Better than anyone else in Turkey, War Minister Enver Pasha had to know the sorry state of Ottoman arms in 1914 when he led the nation into war on the side of the Central Powers. Not only had the ranks been left depleted by the 1911 Italian War and the 1912-1913 Balkan Wars, but so had the artillery corps and naval forces. Modernization on the ground, in the air, or at sea remained a dream as long as the government was unable to finance a military restoration. Austrian and German promises of support proved too tempting in such circumstances; the Turks have not joined the war out of strength, but weakness.
Marching at the head of 100,000 men today as they open a campaign against Russian invaders at Sarikamish, Enver Pasha must be acutely aware of the fact that his men lack proper Winter clothing or equipment. His force will suffer tens of thousands of casualties from exposure as they march and fight in blizzard conditions. Supported by a second, smaller force commanded by a German officer, Lt. Colonel Stange, they are attempting an overland approach and assault without a line of resupply. The nearest railhead is hundreds of miles behind them, while the Black Sea is controlled by Russian ships. Their objective is a valley town surrounded by steep hills where the Russians have dug defensive lines on the slopes of Mt. Turnagel (see above) from which they can easily repulse attacks.
Eager to prevent Russian strength from being drawn out of the Caucasus to fight in Europe, and hoping to spark a pan-Islamic revolt against the British Empire, German advisers have tried persuading Enver Pasha to spend more time preparing his offensive, but he is too impatient. Predictably, the result is a disaster. Although historians lack hard numbers, by the end of this bitter campaign it is believed that between 60-90 percent of Enver Pasha’s force has disintegrated, and he has definitely come close to death or capture himself.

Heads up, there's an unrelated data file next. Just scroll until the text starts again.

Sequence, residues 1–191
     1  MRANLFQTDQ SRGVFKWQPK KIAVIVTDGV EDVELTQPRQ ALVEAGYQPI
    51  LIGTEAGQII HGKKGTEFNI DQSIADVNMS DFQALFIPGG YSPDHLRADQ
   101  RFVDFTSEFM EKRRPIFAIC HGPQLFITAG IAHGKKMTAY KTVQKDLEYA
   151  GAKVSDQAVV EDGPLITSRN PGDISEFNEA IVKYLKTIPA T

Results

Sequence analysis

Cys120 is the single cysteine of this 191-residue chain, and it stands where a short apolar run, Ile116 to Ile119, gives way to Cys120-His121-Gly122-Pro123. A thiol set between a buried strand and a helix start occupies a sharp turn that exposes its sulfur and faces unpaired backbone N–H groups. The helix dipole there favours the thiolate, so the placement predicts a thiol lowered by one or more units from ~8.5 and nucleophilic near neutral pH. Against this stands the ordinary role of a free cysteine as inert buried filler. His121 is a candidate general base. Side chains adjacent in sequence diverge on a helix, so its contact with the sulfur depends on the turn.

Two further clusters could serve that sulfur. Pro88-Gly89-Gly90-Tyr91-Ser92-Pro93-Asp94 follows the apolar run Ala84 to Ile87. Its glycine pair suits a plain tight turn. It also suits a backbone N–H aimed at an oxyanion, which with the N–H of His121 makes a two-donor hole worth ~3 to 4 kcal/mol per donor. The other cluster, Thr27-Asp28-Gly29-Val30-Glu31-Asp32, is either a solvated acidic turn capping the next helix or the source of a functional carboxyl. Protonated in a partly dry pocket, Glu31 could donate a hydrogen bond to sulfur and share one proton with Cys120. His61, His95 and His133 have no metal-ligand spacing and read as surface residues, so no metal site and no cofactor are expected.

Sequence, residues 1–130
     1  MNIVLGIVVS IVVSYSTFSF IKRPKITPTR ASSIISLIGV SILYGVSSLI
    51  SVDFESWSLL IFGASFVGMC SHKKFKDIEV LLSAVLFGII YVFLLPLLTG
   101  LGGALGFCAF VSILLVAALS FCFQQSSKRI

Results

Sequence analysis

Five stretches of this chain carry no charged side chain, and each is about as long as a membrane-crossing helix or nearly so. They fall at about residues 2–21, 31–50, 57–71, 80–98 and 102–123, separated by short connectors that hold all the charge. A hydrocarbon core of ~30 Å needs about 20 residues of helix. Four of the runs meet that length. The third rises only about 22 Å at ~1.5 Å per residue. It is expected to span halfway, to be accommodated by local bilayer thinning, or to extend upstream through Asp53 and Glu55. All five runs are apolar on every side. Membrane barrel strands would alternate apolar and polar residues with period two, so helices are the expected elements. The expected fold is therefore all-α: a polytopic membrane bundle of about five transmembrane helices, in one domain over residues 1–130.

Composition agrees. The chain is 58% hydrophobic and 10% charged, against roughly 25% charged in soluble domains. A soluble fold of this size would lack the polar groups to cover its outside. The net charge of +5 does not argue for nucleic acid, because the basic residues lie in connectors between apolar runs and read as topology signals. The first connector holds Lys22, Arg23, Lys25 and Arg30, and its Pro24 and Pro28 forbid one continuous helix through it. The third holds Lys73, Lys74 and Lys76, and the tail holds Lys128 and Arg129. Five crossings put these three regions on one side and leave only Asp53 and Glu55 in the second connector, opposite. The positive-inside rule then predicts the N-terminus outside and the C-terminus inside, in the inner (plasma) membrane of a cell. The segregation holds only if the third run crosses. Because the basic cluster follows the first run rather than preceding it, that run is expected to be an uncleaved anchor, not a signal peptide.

Today the Turkish 3rd Army retakes the town of Köprüköy and the Turkish X Corps is advancing. On the day after Christmas, Turkish forces are repulsed at Sarikamish with heavy losses when General Mishlaevski arrives from Tblisi with reinforcements. The Stavka (Russian General Staff) is pulling all its forces from the occupied northern provinces of Persia to meet the Ottoman offensive head-on; meanwhile, Russian generals are giving ground before the Turkish advance. Despite confusion and false reports, the Russian Army does not break, but rather ends up in more easily-defended positions.
Practically everything goes wrong for Enver Pasha. He sites his guns in the open on the mistaken assumption that Russian artillery is not present; half are destroyed by accurate Russian counterfire. The 29th Division fights on the 26th with half its men either dead of the cold or deserted from the field to seek shelter. Enver’s X Corps attempts a daylong forced march to to support the 29th Division, but loses 7,000 men. He tries collecting stragglers and husbanding his strength, but instead it diminishes. By the 2nd of January, he is down to just 6,000 effectives.
The crucial battle takes place on the 29th as Enver Pasha commits the 17th Division to a surprise night attack on the town. Savage fighting lasts until late morning of the next day; at its end, the 17th Division has been destroyed and the rout has begun. Made aware that the crucial town of Yahya Bardiz is under attack by Turkistani troops, threatening his line of retreat, Enver finally leaves Sarikamish on the 2nd of January, circling wide of the enemy to make his escape. Behind him, the remains of his army are being surrounded and destroyed. The final destruction of IX and X Corps happens on the 4th of January as commander Ali Ihsan Bey and his entire staff are among the prisoners taken when the entire remaining force is cut off and surrenders. To the north, Lt. Col. Stange has won his objective at Ardahan but makes no further advances; his command will retreat in good order by the 10th.
Enver Pasha will never personally command an army in the field again. After this debacle, he accuses Armenian soldiers of mass desertion to the enemy, justifying his punitive measures against that allegedly-disloyal population. In fact, Enver had already begun oppressing Armenians in the army during November, and it is the desertion of his Turkish Muslim soldiers that made the difference. Nevertheless, in many ways the horrors of the Armenian genocide are his expurgation of this horrendous defeat and the resulting stain on his personal honor.